Someone told me a few weeks ago that he was witnessing to a colleague at work. He said, “You know, Colin, this guy lives like the devil, but he is good at heart.” I said, “Well now, wait a minute. How can he be good at heart if he lives like the devil? Surely if he lives like the devil, there must be something wrong with his heart!” After all, Jesus said,
Out of men’s hearts, come evil thoughts, sexual immorality… greed, malice… envy… arrogance and folly. All these evils come from inside and make a man ‘unclean’ (Mk. 7:21-23).
What you believe about sin will shape your convictions about missions and evangelism. How we engage in this work, and what we think needs to be done, will in large measure be shaped by what we believe the human problem really is. Sin is a secret power, mysteriously at work in the soul of an unbeliever.
Three Ways to Use the Truth About Sin
Use it to mature beyond naïve optimism.
Years ago, back in England, Karen and I were enjoying an evening with some good friends who served alongside us in the church. We were playing a game where one person secretly answers a question, and then the rest of the group has to try and guess their answer.
The question was, “By nature, are people good at heart, bad at heart, or somewhere in between?” The answer our friend chose was, “By nature, people are good at heart.” We had some good conversation about it, but I still remember how distressed I was driving home.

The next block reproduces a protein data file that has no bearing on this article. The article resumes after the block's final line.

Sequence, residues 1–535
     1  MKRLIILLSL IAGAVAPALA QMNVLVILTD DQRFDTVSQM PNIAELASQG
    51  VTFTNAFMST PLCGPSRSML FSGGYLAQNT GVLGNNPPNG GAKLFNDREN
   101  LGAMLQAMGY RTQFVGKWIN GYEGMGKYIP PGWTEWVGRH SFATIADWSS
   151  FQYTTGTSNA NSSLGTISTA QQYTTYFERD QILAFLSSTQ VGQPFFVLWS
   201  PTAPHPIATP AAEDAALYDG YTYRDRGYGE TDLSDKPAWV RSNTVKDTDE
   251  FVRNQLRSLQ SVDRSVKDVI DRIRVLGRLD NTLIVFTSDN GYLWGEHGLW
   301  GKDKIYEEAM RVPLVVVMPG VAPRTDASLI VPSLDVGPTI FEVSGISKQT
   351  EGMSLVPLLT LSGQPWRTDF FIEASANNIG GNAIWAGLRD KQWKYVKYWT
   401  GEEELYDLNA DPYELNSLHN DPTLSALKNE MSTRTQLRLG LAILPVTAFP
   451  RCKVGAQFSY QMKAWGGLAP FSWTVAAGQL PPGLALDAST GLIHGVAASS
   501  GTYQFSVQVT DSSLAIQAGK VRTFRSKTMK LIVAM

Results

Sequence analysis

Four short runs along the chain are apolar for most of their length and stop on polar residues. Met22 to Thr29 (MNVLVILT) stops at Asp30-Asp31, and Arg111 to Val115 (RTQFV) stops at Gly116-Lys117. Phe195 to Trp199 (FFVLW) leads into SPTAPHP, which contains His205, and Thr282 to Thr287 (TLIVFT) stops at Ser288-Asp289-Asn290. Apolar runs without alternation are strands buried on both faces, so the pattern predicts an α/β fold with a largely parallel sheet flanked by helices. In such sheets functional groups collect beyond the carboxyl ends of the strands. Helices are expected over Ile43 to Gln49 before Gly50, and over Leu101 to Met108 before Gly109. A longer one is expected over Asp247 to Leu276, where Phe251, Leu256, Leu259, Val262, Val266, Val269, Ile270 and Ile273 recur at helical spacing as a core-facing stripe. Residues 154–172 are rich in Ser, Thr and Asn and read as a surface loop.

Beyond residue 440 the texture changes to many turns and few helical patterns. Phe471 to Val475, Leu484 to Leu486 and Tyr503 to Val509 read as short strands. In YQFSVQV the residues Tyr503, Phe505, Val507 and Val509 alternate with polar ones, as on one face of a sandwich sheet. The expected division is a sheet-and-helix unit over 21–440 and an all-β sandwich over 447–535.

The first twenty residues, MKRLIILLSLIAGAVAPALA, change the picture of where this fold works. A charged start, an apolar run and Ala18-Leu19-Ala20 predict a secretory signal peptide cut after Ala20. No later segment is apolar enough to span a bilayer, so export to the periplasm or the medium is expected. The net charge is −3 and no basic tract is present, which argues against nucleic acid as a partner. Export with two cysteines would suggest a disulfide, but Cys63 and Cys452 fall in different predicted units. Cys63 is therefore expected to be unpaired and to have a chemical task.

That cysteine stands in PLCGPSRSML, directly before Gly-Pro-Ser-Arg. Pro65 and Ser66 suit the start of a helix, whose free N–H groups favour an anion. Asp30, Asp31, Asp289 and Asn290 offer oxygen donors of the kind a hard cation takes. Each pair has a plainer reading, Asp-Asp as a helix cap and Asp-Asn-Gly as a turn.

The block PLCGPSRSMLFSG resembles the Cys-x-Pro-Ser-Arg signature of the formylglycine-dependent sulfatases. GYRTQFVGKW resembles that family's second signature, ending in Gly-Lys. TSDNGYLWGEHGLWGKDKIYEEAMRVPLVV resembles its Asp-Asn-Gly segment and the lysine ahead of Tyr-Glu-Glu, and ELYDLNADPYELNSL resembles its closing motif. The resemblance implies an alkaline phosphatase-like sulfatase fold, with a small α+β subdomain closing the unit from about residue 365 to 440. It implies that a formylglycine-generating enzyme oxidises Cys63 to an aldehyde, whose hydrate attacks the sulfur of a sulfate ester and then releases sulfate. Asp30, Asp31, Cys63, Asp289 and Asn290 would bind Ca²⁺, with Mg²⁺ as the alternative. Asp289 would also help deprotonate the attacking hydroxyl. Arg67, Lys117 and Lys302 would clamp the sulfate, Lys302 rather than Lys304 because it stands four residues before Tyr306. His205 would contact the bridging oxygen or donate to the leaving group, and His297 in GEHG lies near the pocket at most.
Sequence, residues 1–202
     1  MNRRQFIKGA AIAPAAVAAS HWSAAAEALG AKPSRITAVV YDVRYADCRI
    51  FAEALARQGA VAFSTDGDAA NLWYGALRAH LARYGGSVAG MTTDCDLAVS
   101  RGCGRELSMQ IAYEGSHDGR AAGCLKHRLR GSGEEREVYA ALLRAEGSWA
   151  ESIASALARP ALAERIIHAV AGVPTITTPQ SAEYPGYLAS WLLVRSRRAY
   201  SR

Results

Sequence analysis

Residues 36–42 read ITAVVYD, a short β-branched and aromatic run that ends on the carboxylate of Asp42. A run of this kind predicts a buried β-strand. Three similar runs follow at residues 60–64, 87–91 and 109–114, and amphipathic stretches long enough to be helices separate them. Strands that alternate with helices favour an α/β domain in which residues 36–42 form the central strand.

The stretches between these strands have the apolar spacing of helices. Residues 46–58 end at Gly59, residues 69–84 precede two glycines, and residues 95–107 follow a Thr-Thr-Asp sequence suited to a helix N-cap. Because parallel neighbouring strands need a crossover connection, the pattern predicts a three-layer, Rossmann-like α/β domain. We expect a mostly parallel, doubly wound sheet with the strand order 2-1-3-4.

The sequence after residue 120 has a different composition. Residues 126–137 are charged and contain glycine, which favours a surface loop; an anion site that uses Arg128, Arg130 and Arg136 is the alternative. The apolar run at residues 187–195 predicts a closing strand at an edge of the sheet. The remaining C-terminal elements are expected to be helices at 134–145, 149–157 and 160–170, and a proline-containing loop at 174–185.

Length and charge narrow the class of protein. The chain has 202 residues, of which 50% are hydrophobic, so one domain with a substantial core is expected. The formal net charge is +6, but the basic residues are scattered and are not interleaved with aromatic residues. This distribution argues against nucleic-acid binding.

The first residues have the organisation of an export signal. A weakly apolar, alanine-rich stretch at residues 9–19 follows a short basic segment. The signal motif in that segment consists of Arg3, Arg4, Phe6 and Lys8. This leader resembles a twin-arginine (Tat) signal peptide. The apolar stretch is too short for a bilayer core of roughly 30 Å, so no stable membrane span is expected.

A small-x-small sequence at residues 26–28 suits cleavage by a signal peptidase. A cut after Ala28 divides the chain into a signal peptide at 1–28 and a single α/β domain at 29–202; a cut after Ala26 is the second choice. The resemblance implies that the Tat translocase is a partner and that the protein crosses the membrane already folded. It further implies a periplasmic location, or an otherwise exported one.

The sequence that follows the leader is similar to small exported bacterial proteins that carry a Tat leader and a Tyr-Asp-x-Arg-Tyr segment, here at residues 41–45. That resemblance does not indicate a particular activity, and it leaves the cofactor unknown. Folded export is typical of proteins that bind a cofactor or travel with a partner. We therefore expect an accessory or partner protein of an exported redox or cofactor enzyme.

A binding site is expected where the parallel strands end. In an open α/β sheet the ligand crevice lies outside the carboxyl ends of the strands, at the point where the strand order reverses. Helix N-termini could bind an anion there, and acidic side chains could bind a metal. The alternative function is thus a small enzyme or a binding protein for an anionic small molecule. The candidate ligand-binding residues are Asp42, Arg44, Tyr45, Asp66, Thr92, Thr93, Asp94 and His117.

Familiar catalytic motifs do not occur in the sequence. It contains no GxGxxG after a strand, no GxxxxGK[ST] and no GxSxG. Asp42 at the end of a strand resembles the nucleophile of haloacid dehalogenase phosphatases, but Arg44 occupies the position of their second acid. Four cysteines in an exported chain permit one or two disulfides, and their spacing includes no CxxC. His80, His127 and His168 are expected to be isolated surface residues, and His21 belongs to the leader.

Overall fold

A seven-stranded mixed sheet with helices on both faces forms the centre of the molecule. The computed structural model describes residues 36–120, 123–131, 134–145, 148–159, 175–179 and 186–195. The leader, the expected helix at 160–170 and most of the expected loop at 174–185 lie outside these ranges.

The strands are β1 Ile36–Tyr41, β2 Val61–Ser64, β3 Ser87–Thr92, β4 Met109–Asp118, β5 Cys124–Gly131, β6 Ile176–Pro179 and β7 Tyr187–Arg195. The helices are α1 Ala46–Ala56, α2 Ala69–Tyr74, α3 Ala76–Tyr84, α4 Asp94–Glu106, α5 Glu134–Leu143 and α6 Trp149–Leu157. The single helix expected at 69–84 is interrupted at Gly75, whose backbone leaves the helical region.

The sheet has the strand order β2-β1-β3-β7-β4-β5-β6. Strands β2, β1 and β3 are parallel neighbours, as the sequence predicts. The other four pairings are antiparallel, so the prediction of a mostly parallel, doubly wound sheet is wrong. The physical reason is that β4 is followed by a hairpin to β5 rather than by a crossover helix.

I’d been preaching the Bible in this church for 10 years and one of our closest friends, who loves Christ, attends church every week, is deeply engaged in ministry, and reads the Bible, believes that by nature people are good at heart. How is this possible?
Many Christians are utterly unrealistic about what we are up against when it comes to missions and evangelism. That may be one reason why we are often weak on prayer.
Use it to shape your convictions about missions and evangelism.
People who have an optimistic view of human nature tend to have an unrealistic view of missions and evangelism. There’s the informational view: “All we need to do is tell them.” There’s the friendship view: “All we need to do is love them.” There’s the environmental view: “All we need to do is connect them.” If Johnny has good friends, Johnny will be a good boy. All these things are necessary, but none of them are sufficient.
The fruits of sin are such that the salvation of your son or daughter, your colleague or neighbor, can only be accomplished by a miracle of grace. The breath of Christ, the splendor of Christ is the only thing that’s going to overwhelm this spirit that’s at work in him or her.
And then the lawless one will be revealed, whom the Lord Jesus will overthrow with the breath of his mouth and destroy by the splendor of his coming (2 Thess. 2:8).
This is why missions and evangelism must have at its center proclaiming Christ’s splendor and praying for Christ’s breath. This is why the Apostles said that whatever else goes on in the church, we must give ourselves to the ministry of the Word and to prayer (Acts 6:4).
Proclaiming Christ’s splendor! Praying for His breath! That has to be the priority for every pastor, every missionary, every evangelist, and every Christian who wants to see sinners won to Jesus Christ. I do not say that it is the only thing; it is the central thing.
This is what I have to do in my preaching, and it’s what you have to do in your witnessing: Try to explain why Jesus Christ is compelling to you. Jesus said, “When I am lifted up, I will draw all men to myself” (Jn. 12:32), so lift Him up!